Database Reference
In-Depth Information
Chapter 2
Query Optimization in Relational
Database Systems
As discussed in the previous chapter, database management systems (DBMSs)
let users specify queries using high-level declarative languages such as SQL .
Then, the DBMS determines the best way to evaluate the input query and
to obtain the desired result. To answer a SQL query, a typical DBMS goes
through a series of steps, illustrated in Figure 2.1:
1. The input query, treated as a string of characters, is parsed and trans-
formed into an internal data structure (i.e., an algebraic tree). This
step performs both syntactic and semantic checks over the input query,
rejecting all invalid requests.
2. The algebraic tree is optimized and turned into an execution plan. A
query execution plan indicates not only the operations required to eval-
uate the input query but also the order in which they are performed and
the specific algorithms used at each step.
3. The execution plan is evaluated, and results are sent back to the user.
The query optimizer is the component in the DBMS that is responsible
for finding an ecient execution plan to evaluate the input query. For that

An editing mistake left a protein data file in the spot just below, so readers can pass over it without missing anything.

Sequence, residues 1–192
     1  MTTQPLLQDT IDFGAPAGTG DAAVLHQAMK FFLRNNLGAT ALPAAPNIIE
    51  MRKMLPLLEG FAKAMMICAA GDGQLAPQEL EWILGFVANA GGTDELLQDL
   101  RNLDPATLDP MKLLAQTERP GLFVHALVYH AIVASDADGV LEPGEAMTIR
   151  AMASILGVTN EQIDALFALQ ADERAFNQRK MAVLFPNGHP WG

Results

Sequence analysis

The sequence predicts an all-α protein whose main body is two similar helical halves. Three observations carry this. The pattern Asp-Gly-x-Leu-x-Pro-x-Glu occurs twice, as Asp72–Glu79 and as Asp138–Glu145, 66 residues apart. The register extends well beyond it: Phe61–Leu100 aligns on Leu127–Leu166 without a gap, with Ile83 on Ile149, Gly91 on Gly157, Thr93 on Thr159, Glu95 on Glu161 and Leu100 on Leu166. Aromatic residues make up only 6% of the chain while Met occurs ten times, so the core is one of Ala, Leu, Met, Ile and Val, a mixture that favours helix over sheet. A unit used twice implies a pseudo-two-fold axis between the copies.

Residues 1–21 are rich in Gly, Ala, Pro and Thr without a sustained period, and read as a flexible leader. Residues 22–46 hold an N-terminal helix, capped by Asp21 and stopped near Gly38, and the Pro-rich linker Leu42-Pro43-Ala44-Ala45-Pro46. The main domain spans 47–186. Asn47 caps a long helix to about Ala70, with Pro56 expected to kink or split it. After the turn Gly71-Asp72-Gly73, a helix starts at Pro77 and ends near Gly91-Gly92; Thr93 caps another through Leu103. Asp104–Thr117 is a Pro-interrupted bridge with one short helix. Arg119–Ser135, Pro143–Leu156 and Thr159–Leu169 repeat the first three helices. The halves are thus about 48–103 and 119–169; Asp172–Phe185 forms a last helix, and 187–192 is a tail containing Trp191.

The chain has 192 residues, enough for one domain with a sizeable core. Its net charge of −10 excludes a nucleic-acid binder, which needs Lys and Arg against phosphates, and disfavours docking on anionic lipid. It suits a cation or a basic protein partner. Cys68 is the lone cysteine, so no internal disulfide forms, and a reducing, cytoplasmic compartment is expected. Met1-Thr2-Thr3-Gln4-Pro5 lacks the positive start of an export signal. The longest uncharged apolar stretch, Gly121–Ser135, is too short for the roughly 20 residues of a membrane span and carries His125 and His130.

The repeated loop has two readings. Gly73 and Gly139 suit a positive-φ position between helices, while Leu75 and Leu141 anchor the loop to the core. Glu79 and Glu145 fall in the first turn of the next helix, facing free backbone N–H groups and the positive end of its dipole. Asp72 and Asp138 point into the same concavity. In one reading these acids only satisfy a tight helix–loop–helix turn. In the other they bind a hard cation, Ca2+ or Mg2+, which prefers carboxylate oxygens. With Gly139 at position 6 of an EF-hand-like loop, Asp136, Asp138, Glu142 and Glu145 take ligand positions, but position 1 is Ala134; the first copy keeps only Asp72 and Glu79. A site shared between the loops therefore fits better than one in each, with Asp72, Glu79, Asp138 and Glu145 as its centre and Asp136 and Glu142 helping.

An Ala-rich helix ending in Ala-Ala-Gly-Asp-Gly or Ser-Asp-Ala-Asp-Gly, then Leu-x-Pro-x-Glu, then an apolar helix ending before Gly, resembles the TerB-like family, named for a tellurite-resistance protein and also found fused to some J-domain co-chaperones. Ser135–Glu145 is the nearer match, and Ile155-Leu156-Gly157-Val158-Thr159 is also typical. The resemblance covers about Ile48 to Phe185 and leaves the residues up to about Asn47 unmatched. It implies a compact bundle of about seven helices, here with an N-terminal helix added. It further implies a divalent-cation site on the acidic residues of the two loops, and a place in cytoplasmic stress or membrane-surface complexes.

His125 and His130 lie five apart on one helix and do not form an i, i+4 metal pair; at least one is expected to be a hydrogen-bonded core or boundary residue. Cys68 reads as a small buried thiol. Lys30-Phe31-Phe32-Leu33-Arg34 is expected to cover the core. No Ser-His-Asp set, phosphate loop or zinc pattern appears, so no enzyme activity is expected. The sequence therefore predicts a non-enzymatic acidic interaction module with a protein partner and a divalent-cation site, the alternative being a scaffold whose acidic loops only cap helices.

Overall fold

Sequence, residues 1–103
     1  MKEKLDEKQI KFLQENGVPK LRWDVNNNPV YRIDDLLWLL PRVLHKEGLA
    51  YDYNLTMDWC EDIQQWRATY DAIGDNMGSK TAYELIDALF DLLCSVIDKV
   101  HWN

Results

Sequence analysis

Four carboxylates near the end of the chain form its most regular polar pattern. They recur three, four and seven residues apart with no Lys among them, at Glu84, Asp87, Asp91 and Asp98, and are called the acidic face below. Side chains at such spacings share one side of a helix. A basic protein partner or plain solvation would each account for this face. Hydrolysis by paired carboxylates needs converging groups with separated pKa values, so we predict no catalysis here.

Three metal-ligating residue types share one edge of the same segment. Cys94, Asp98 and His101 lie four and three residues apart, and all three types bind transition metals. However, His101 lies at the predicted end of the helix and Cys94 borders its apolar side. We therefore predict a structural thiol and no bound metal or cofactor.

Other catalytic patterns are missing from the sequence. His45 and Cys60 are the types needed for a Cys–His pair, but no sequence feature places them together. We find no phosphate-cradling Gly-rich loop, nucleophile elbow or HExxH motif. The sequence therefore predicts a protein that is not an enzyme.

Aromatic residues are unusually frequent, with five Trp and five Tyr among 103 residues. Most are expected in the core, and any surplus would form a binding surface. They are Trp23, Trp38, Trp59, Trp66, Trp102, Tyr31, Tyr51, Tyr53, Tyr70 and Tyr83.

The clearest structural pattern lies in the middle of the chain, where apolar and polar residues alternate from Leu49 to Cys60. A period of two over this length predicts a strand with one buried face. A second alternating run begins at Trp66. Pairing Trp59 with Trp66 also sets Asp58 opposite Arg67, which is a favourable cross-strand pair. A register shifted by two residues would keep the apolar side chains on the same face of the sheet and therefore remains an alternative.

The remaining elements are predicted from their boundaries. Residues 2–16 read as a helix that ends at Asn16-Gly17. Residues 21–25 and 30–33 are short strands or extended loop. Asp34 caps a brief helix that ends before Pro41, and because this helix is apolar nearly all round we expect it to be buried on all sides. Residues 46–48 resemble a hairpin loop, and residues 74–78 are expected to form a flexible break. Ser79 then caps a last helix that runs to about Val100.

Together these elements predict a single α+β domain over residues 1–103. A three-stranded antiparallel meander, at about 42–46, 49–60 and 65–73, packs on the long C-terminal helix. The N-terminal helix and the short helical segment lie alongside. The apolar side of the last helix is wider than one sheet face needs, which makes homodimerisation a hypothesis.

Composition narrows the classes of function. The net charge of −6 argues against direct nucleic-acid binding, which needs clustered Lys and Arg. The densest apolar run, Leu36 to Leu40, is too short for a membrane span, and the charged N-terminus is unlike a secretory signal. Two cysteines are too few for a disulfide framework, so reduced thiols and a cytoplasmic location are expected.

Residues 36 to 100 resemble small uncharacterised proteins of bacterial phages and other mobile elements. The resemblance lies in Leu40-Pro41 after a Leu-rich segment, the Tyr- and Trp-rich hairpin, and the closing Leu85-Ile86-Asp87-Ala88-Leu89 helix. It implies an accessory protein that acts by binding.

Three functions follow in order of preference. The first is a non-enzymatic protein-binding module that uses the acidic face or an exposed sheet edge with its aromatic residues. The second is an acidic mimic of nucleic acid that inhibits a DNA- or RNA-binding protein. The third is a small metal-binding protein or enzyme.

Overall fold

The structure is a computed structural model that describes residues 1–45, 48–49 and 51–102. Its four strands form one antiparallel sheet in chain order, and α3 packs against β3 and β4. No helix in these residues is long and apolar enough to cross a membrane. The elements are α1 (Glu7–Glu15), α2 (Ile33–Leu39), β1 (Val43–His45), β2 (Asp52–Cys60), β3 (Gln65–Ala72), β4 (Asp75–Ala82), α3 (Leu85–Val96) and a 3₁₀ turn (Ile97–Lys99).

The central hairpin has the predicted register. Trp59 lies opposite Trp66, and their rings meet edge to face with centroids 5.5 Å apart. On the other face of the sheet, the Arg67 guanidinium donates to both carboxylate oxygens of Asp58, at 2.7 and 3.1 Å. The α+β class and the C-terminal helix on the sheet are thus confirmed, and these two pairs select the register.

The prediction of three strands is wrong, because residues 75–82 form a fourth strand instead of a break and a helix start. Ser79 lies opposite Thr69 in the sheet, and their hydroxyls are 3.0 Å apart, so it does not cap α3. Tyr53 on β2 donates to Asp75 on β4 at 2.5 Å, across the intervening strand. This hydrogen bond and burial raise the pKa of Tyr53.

purpose, the query optimizer searches a large space of alternatives and chooses
the one that is expected to be least expensive to evaluate.
Although implementation details vary among specific DBMSs, virtually all
optimizers share the same high-level conceptual structure and conduct the
search of execution plans in a cost-based manner. More specifically, optimiz-
ers assign each candidate plan its estimated cost and choose the plan with
the least expected cost for execution. The estimated cost of a plan is defined
as the expected amount of resources that the execution engine would require
to evaluate such plan. Query optimization can therefore be viewed as a com-
plex search problem defined by three interacting components, illustrated in
Figure 2.2:
Search space: The search space characterizes the set of execution plans that
would be considered by the optimizer. For instance, some optimizers
consider only certain subsets of join trees or impose restrictions on the
alternative ways to process subqueries.
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